Reaping the benefits of long-term partnership and solidarity

Published: 3 December 2012 12:26 CET
  • Representatives of the Japanese Red Cross Society met staff and volunteers working on the mangroves project in Viet Nam.

By Ly Nguyen

It is a success story of Red Cross partnership that modestly continues year after year; one that has made a difference in the lives of many coastal communities in Viet Nam, including this year during the onset of typhoon Son Tinh.

For nearly 16 years, the Japanese Red Cross Society has been funding a mangrove reforestation project run by the Viet Nam Red Cross. The project, which aims to reduce the vulnerability of communities to disasters, has been carried out in six coastal provinces and successfully resulted in more than 1,600 hectares of mangroves.

In early November, 11 members of the Japanese Red Cross Society Kita-Kanto delegation took the opportunity to visit the project in Viet Nam.

Maniwa Kenichi, leader of the delegation, said they were pleased to see the success of the project first hand. “Our visit will also help the Japanese Red Cross determine how we can continue supporting the project,” he said.

Mangrove forests help balance the ecosystem. They protect river mouths and coastlines from erosion control, provide sea dyke protection, and prevent the accumulation and decomposition of pollutants and expansion of mud flats towards the sea.

When Typhoon Son Tinh hit at the end of October in the Bang La Commune of Hai Phong, some houses lost their roofs and many mangroves were destroyed. Nevertheless, the mangroves had protected the dyke from being broken by strong waves.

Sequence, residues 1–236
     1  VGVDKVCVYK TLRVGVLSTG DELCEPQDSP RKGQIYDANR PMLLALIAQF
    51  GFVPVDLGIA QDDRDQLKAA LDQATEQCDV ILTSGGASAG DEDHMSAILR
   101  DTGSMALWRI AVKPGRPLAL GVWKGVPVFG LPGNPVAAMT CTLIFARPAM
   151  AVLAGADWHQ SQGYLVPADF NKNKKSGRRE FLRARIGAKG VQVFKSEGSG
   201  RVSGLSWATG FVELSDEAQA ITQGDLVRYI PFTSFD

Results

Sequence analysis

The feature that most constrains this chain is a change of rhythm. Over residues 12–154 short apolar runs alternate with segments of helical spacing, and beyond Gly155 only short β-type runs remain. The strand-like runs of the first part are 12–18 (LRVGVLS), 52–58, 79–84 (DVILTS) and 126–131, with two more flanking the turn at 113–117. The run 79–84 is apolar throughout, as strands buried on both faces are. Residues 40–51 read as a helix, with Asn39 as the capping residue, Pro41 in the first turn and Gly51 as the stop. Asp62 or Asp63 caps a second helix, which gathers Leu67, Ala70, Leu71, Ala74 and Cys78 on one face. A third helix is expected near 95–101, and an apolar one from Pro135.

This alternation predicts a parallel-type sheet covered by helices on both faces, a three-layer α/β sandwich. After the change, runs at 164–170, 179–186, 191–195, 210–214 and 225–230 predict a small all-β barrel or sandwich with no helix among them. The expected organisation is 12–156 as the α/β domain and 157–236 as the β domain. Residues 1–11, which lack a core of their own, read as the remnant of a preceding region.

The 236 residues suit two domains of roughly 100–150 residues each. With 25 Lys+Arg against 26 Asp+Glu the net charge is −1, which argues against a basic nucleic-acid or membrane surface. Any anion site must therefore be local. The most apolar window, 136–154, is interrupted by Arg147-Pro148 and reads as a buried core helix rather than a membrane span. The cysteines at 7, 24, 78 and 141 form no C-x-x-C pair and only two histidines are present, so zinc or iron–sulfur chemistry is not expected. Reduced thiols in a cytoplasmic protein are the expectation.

Without this protection, residents say, the damage would have been far worse.

Mangrove forests, a rich source of crabs and shrimp, also provide poor families with additional means of livelihoods through aquaculture and honey production.
 
Hoang Luong, a Viet Nam Red Cross staff member in Hai Phong said the mangrove project has contributed to consolidating the disaster management capacity of the organization. As part of the mangrove project, the Viet Nam Red Cross has organized training in three areas: emergency response planning for key staff, disaster risk reduction and climate change impacts, and emergency response.

In order to increase community awareness about the benefits of mangroves, the Viet Nam Red Cross has also collaborated with the Department of Education and Training to organize learning courses for primary school teachers and students.

“Our plan now is to build safe communities around mangrove plantations. It is a great approach to disaster risk reduction,” said Mr. Dang Minh Chau, Viet Nam Red Cross International Relations Department Chief. “And we are pleased to continue this strong partnership with the Japanese Red Cross Society. It is one of our strengths as part of the Red Cross Red Crescent Movement.”

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